3. Each player draws eight (8) cards five (5) "preparation" and three (3) "dish" cards... but keeps all of their cards secret.

4. Next the judge reveals his meal without divulging the cards he used. This means he cannot use the "Adjectives" or "Ingrediants" used in his dish. He must "paraphrase" his "dish"...

5. Players now concurrently must plan out the "best" dish based on the description.

6. Once all player's are done, the cards are placed into five (5) piles in the middle of play (randomly).

7. The judge then reviews each of the "dishes" prepared, one-by-one...

8. The judge reveals his "dish" and "preparation". And declares which player has the winning "dish" in comparison to his OWN "dish".

What DOES this ENCOURAGE??? MULTIPLES of the SAME IDENTICAL CARD. Also it favors a "smaller" card count, such that players can CORRECTLY GUESS a "Adjective" or an "Ingredient" and even the same "dish". The accuracy of guessing may be a bit subjective... But at least HERE are some rules that your game may follow...

Keep what you like, forget whatever you dislike!

questccg
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Dixit-style of play (more)

This could mean:

  • 60 "preparation" cards: 3 multiples x 20 unique cards.

  • 40 "dish" cards: 2 multiples x 20 unique "dish" cards.

Could be 100 cards and you have a "more adapted" game with less cards and more odds of "collision" with the Judges own "dish" selection.

It would only take 40 cards and that might mean about $3,000 Art budget which is about what "James Mathe" recommends for your average game...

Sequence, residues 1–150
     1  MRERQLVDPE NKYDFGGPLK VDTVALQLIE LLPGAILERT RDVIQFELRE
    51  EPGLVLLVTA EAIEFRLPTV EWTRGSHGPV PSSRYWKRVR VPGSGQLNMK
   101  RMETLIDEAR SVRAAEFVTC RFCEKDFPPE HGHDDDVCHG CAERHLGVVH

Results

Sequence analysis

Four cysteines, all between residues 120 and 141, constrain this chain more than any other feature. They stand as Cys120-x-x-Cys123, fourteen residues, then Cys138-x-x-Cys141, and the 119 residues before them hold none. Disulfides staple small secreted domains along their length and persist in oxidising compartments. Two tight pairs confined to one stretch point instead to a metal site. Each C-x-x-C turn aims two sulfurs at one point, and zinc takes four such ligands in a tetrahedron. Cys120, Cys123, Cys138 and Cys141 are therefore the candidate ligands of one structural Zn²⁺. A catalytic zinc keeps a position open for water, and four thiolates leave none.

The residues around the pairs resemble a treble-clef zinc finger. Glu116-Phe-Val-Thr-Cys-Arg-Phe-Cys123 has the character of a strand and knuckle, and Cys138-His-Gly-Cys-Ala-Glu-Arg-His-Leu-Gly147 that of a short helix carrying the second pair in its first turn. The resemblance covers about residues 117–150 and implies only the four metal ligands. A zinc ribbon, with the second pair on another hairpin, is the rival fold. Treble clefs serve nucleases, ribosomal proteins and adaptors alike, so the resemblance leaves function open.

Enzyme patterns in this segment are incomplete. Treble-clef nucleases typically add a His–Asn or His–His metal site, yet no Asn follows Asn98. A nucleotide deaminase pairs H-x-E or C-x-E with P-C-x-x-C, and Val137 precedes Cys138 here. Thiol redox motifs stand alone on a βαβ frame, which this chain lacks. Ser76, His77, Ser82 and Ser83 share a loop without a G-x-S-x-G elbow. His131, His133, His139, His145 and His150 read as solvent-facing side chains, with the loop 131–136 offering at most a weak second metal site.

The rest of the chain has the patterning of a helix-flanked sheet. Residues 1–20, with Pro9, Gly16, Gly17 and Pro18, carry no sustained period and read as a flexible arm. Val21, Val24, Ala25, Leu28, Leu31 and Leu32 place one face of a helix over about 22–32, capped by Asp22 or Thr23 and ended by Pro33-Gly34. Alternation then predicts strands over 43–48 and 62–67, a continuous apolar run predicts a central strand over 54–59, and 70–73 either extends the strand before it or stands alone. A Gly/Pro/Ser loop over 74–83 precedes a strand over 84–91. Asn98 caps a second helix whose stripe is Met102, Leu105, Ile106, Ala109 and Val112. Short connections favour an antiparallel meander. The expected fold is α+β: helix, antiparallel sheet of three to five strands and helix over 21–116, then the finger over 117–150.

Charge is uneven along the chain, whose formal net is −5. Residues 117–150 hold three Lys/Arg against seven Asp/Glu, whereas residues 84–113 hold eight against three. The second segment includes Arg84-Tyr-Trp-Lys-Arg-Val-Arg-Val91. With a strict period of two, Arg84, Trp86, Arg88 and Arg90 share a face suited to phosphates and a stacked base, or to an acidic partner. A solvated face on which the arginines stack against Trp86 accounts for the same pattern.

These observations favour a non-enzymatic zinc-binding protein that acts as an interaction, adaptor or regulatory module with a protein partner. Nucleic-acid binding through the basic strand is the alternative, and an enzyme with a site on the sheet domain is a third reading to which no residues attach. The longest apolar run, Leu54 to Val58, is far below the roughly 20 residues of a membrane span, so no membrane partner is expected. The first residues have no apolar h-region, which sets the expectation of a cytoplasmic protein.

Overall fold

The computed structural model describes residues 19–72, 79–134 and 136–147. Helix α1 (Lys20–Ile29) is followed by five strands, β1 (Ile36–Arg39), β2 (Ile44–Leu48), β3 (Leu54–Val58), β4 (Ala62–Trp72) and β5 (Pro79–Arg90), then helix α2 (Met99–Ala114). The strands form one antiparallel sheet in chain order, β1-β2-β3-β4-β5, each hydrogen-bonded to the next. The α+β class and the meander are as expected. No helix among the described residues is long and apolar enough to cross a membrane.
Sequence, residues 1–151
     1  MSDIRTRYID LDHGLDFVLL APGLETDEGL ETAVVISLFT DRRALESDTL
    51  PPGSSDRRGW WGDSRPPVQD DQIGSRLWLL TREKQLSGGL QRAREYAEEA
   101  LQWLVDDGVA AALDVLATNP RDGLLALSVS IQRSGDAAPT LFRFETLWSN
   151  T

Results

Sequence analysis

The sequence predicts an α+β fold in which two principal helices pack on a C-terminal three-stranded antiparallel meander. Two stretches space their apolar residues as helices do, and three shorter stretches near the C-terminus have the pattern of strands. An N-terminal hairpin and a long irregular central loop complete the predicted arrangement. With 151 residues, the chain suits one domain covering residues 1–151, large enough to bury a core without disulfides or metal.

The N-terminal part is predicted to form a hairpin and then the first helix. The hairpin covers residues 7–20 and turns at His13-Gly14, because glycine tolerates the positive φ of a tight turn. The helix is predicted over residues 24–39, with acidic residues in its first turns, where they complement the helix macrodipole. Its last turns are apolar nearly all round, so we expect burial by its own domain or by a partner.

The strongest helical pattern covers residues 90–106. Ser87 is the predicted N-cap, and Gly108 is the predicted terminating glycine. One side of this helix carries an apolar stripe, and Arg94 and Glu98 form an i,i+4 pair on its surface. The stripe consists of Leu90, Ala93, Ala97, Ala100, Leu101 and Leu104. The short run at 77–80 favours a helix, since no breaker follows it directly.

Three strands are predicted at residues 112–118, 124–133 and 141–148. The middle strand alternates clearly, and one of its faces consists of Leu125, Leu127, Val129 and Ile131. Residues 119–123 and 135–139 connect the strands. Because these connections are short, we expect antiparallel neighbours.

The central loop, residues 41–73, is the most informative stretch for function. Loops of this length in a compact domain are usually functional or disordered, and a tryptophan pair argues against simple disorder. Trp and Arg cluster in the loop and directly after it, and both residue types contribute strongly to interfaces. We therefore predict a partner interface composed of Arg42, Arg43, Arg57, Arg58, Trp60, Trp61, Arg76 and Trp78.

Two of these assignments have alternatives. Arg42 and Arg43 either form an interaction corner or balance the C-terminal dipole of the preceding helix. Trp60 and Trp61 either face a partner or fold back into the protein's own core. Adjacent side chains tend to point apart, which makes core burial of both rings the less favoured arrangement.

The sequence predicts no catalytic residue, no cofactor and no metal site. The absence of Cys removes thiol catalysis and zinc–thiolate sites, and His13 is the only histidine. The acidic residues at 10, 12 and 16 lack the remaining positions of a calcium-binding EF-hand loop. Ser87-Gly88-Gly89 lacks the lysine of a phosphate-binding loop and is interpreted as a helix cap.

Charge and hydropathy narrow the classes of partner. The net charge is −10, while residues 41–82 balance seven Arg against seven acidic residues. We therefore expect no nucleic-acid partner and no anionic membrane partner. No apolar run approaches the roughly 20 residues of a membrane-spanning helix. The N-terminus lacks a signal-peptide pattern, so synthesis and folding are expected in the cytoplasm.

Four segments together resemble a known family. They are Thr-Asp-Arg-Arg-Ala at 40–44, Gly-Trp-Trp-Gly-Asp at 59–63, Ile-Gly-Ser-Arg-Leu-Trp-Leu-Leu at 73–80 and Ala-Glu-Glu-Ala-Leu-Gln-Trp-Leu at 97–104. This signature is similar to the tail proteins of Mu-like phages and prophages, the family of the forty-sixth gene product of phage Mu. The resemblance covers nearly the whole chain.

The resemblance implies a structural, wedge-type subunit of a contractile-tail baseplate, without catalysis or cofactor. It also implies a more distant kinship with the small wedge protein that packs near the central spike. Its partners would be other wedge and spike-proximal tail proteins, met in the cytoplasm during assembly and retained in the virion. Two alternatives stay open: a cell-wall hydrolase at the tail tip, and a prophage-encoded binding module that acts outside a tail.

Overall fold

Again just providing some additional details and some more information that may or may not be useful to the design of your game.

Tim Edwards
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I like that direction,

I like that direction, Questccg. It keeps the elements of interpretation and creativity which the theme seems to demand. A Dixit-style winning system seems a pretty solid solution and I'm sure a more satisfying one than the despotic Master Chefs I had suggested. :)

questccg
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Jason had the idea first

@Tim: Jason mentioned Dix-it and that immediately made me wonder if something akin to this could be implement. Ya, the card counts can vary and everything... But you made a very good point in one of your posts:

Where you said that a Scoring System takes away some of the "FUN" in this type of "Party Game"... You want people to go "over-the-top" and it's more of a game of "Social Deduction" that a pure card game...

So that and Jason's comment triggered the idea that maybe are more "Dix-it"-style of play could be better for this particular game.

Cheers!

Update: I wanted also to do a step-by-step example of a way of play, rather than just saying "look at Dix-it". Dix-it has a voting system, which I felt wouldn't have that "judging" you said that was important to the theme of the game... (and probably the flow of the game itself too!)

So I didn't want to give the "wrong impression"... Peer-voting is one of the mechanics of Dix-it that I did not want to include. Only the comparison based on a "verbalized description; paraphrased obviously" like in how the player describes HIS own card for the selection process. That's what I felt was more appropriate for the OP.